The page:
According to an article in Time Magazine, The Happiness Gap is the difference between how happy adults with children feel as compared to those without. In many countries, parents report feeling happier than nonparents. Some countries rate about the same for both groups. In the US, however, The Happiness Gap is significantly skewed so that adults who do not have children are significantly happier than adults who have children. In fact, out of the 22 countries in which this research took place, the US reported the biggest Happiness Gap.
Why is this?
Here’s a quick story:
There was a mom whose two beautiful children were enrolled at the daycare I worked at. But whenever one of the children got sick, a few days later the other one would inevitably catch what the first one had. This frequently led to her having to take off a couple days to nurse the first one back to health, and then another day or two for the second one.
I’ll never forget the day she came in crying because her boss threatened to fire her if she continued taking time off for her children. She became put in the difficult position of being forced to choose between providing for her children financially, and being there for her children when they were ill. That’s not a choice any parent should have to make.
Research has found that the two main reasons parents in the United States are less happy than parents in other countries are
- The high cost of childcare in the US
- The low number of permitted sick/vacation days
The High Cost of Childcare in the US
I know firsthand how expensive daycare can be. This is not the fault of the daycares – although it may seem that way when you as a parent are being faced with an enormous childcare bill.
Unlike schools, where there may be 20 or 30 kids to a teacher, daycares have teacher to child ratios that they have to maintain in order to keep their license. This means that daycares require a higher amount of teachers to a lower amount of children. Daycare workers don’t make a lot. But once the parents have paid their tuition and the teachers are given their salary, there isn’t much left over.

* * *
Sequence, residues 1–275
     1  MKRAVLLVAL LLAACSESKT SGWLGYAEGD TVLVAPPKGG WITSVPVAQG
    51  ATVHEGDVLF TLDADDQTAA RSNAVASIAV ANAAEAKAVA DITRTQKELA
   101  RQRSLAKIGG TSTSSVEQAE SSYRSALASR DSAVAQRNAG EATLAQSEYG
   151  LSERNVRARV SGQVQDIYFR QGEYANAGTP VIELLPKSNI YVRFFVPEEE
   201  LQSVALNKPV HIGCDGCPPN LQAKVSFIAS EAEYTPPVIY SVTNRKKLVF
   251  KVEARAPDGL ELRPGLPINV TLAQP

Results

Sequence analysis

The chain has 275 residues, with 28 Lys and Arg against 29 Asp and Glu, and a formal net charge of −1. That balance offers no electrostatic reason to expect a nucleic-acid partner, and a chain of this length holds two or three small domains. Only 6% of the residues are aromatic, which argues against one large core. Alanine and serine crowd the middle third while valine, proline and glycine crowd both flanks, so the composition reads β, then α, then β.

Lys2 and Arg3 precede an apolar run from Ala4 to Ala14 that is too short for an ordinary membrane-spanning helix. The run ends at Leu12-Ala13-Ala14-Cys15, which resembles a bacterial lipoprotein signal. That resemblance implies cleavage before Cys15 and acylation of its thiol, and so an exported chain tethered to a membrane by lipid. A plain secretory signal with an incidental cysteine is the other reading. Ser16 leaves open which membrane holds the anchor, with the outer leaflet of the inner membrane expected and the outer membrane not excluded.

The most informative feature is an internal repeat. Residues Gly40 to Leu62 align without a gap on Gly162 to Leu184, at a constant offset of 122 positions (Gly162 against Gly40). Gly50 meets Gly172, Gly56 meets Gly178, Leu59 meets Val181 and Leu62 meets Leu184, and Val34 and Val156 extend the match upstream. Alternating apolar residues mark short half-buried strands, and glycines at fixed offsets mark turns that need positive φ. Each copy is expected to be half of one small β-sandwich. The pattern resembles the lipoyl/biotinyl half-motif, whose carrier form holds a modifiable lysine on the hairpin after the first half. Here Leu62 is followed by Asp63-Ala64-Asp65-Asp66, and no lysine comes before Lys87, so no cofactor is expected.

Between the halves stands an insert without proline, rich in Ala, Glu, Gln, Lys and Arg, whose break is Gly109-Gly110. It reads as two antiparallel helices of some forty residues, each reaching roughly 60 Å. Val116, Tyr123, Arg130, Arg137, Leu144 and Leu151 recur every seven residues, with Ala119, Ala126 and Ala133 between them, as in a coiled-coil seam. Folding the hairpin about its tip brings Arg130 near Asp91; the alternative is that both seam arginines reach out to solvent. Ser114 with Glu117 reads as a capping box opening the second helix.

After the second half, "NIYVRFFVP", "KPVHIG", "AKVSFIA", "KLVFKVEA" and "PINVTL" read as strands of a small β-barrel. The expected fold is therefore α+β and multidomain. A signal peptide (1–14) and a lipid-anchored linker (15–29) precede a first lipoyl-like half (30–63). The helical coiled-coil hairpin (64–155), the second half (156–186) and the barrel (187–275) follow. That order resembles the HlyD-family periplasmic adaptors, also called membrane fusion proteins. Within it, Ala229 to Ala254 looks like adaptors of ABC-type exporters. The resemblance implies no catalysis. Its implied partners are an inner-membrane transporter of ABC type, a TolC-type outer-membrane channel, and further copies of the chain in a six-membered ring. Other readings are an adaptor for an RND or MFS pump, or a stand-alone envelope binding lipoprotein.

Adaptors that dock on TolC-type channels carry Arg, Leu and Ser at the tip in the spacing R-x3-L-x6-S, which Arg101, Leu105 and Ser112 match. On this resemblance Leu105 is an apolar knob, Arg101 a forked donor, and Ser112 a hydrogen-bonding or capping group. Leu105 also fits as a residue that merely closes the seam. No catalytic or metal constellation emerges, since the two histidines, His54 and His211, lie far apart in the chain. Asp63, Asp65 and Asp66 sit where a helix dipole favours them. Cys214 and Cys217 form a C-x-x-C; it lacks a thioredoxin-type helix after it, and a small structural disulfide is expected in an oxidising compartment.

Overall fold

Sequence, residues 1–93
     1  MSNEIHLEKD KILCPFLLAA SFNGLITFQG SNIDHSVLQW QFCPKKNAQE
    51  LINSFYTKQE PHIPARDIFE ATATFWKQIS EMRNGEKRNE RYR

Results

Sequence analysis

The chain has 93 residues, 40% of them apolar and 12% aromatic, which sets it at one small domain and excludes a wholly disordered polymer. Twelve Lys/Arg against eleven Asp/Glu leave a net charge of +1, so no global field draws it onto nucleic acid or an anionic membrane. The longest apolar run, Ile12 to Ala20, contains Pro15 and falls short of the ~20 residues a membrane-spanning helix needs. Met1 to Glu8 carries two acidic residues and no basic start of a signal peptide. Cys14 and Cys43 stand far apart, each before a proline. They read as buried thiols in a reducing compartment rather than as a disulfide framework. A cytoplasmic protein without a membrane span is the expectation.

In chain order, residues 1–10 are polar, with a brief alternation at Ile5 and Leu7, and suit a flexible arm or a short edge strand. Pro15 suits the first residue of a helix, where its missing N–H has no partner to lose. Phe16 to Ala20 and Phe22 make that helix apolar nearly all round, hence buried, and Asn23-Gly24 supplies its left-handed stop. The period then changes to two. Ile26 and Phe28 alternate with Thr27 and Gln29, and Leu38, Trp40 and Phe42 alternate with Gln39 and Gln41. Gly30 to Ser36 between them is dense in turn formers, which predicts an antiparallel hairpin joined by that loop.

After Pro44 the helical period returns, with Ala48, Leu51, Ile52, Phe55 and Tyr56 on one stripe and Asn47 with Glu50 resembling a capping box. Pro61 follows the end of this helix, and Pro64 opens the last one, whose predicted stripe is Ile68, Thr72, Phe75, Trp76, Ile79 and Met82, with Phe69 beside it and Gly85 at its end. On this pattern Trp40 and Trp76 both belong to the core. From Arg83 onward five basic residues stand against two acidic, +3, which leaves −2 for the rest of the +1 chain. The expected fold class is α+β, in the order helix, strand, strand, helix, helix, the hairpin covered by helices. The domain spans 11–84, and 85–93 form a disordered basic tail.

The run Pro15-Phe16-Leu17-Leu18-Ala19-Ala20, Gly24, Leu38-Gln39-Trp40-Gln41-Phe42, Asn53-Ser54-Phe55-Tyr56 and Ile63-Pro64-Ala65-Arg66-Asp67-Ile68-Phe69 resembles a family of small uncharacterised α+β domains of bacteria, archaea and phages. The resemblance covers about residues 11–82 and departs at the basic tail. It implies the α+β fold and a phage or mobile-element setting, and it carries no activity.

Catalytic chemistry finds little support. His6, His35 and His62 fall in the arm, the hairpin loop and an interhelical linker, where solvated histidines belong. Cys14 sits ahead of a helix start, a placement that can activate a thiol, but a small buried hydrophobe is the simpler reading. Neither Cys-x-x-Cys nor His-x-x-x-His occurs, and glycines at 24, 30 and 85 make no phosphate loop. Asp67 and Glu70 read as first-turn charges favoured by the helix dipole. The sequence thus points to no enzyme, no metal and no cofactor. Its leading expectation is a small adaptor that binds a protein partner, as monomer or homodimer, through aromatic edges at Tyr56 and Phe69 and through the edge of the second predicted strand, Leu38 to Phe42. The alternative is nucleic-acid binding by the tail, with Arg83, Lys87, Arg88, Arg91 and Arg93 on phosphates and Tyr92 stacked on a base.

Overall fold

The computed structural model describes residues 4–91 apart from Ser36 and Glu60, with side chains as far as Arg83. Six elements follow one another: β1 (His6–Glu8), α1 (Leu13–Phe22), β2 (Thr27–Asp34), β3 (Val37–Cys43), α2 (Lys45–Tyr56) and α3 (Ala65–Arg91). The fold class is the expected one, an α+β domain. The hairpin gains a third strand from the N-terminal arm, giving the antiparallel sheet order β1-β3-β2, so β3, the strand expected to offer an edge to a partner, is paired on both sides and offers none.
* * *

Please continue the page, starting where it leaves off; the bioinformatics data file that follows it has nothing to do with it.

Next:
The Low Number of Sick/Vacation Days
Like the woman in my story, many parents in the US are faced with the dilemma of trying to provide for their family while also being able to actually invest and spend time with the family they work so hard to support.
Here is the reality: The United States is not set up to nurture family life.
We have an absurdly high divorce rate. Adults with children are unhappy. What does this say about how our culture prioritizes family?
My husband got a job straight out of college, which we were excited about because it seemed like a good opportunity. We were momentarily put off by the significant amount of hours he was expected to work (55+ per week), and his long commute through city traffic. But he decided to give it a shot anyways.
After the first week, he discovered that he was also expected to stay late on Thursday evenings for “team bonding” until 9 or 10 pm.
After the second week, he discovered that he was also expected to spend half of each month away on business trips.
And through all of these discoveries, he kept meeting people who said “Yeah, I’m divorced. My wife thought I spent too much time at work and not enough time with her.”
He quit on the third week, because he decided to value his family over any potential the job could offer (which also wasn’t panning out to be much, if we’re honest).
Why I Won’t Raise My Children in the U.S.
I want to have children someday. When I have the money to move to another country and raise them in a different environment.
I don’t want to be a victim of The Happiness Gap. I don’t want to be an unhappy parent.
I want to live somewhere where I feel that my family life is supported by mine or my husband’s job, not quelled by it.
What about you? Do you recognize the signs of The Happiness Gap in your family?